Failing to measure is the first step towards failure. But, knowing what to measure, why, and how to adjust along the way is just as critical if you want your engineers to thrive.
Most of us have at some point finished a project or changed a process only to end up unsure whether we actually improved anything. This is why measuring progress is so critical. That said, there are also plenty of pitfalls in the process.
The only way to know for certain that we’re making actual progress is to put a plan in place and include how we can measure its value. In other words,
“That which gets measured gets managed” - Peter Drucker
Or more simply,
“If you're not assessin’ you're guessin’” - Unknown
When we measure, we uncover the current state of things as well as gain a better understanding of how improvements play out throughout our new plan or project. Often, these take the form of KPIs (key performance indicators).
The first step of effective measurement is deciding what to actually measure. At the most basic level, this comes down to outputs vs outcomes. These can range from the number of widgets produced (output) to the count of errors or flaws per a set number of items produced (quality).
We can get a general idea of whether we’re improving by how we feel (qualified measurement), but if we want specific results then we need a more specific metric to track. In each instance, there are output and outcome metrics that help us to understand the measurement of success.
Output is the measurement of quantity. This could be the number of tasks completed in a project or the number of projects a business completes in a year. Often these are the easiest metrics to capture. However, they are also often the most misunderstood. Outputs are a good thing to know most of the time. But, they need other metrics to be useful.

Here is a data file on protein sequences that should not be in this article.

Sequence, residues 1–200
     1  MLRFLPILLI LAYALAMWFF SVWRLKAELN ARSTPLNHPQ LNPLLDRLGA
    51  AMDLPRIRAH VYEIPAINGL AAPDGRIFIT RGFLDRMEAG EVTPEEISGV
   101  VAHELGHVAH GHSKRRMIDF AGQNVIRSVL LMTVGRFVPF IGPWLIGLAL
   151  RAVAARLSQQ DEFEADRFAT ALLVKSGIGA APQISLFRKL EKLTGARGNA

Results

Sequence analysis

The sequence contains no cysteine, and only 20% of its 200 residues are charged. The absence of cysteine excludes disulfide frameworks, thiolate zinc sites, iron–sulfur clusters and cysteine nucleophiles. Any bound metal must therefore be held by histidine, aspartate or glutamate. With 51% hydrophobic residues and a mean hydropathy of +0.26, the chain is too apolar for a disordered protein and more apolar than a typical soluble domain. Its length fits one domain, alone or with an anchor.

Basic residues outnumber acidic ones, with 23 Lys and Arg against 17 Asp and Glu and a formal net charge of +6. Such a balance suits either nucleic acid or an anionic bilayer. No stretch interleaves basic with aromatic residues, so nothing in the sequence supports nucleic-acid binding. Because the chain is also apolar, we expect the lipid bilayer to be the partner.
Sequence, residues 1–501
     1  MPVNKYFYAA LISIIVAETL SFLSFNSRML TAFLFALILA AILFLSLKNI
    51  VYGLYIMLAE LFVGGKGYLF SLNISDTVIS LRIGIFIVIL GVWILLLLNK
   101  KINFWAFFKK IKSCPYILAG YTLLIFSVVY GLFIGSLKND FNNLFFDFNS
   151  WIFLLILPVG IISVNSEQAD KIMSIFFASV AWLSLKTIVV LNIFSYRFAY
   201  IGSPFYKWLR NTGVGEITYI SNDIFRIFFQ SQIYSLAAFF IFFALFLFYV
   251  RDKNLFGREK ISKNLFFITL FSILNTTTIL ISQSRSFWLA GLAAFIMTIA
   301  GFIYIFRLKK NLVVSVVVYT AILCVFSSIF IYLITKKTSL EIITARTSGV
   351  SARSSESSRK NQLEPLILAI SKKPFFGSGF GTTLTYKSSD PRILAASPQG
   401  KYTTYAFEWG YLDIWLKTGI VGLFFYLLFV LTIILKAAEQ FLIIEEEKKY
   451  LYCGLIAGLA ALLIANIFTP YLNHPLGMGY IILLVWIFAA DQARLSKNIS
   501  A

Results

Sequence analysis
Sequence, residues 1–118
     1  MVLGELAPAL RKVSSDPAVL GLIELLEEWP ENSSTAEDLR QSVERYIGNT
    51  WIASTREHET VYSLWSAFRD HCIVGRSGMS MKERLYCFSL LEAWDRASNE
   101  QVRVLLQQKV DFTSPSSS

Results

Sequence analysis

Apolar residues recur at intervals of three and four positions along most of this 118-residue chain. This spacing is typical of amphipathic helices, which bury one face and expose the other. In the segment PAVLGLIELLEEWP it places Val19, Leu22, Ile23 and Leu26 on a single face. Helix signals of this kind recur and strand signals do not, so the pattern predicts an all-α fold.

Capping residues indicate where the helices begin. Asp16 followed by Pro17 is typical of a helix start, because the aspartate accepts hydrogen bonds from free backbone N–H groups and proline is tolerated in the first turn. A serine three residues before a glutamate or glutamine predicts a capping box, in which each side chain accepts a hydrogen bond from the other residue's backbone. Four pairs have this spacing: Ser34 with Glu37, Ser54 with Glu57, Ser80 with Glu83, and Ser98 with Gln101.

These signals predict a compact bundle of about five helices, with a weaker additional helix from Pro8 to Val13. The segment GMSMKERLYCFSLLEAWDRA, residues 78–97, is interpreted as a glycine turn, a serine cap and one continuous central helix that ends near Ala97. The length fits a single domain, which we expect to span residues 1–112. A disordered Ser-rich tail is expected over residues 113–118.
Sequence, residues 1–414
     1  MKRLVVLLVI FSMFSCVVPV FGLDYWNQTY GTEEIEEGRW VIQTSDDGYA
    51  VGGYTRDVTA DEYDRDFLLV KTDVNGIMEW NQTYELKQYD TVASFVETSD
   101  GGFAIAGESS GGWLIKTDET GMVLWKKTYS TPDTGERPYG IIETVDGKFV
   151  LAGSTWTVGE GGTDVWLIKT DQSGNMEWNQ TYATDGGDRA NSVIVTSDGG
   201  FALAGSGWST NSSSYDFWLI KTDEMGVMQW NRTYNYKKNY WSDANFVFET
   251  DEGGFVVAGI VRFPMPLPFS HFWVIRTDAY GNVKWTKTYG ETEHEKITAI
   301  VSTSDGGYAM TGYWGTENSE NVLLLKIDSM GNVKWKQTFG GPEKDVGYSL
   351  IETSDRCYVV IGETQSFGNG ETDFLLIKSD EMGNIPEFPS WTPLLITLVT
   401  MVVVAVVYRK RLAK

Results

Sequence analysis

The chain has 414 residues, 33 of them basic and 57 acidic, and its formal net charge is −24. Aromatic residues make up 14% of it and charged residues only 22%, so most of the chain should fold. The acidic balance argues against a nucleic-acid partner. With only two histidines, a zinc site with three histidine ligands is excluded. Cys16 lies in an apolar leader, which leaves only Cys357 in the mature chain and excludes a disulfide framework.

Going back to the count of items produced. If we have a project that increases product output, then having a count is going to be great. However, it does not demonstrate a complete picture of events. For example, an increase in output can be accompanied by a decrease in quality. This is where outcome or results-based metrics come into play.
Determining which metrics to measure in a process might take some experimentation.
The Project Management Institute (PMI), for example, uses what they called the triple constraint (also known as the iron triangle) for management and a basic understanding of measuring for projects. The three constraints are the scope, schedule, and budget of the project.
They put boundaries on those three to understand when a project is going to exceed or fall short. However, since these are often only output metrics, there was no consistent eye on quality, outcomes, or results.
In other words, this approach is helpful in some instances but not an ideal mechanism for establishing the right outcome. The underlying philosophy is that projects usually go off the rails due to a lack of constraints and discipline allowing for little flexibility or adaptability which is required in some project environments.